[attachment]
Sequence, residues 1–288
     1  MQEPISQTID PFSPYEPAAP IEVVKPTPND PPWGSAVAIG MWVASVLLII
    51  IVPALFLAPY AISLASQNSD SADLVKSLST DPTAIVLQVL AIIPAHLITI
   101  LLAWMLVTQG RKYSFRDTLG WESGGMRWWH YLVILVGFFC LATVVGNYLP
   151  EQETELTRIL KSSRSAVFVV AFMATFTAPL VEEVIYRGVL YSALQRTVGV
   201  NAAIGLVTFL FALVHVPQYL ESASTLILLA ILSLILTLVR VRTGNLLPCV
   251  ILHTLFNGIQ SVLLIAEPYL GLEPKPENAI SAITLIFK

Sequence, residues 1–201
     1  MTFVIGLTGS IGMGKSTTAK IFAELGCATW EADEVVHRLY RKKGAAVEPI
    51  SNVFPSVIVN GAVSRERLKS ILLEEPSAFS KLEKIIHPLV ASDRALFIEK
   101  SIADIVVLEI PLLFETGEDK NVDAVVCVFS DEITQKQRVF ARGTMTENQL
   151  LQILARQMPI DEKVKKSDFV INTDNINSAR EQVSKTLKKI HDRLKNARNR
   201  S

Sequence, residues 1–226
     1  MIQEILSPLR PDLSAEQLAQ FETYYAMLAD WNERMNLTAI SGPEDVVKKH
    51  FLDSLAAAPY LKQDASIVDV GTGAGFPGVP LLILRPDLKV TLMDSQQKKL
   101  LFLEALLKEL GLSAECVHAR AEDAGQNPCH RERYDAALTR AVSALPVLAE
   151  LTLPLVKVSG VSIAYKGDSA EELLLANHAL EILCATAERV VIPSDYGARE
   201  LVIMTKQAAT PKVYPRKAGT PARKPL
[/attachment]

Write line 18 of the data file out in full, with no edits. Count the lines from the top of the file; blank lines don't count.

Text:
   151  LTLPLVKVSG VSIAYKGDSA EELLLANHAL EILCATAERV VIPSDYGARE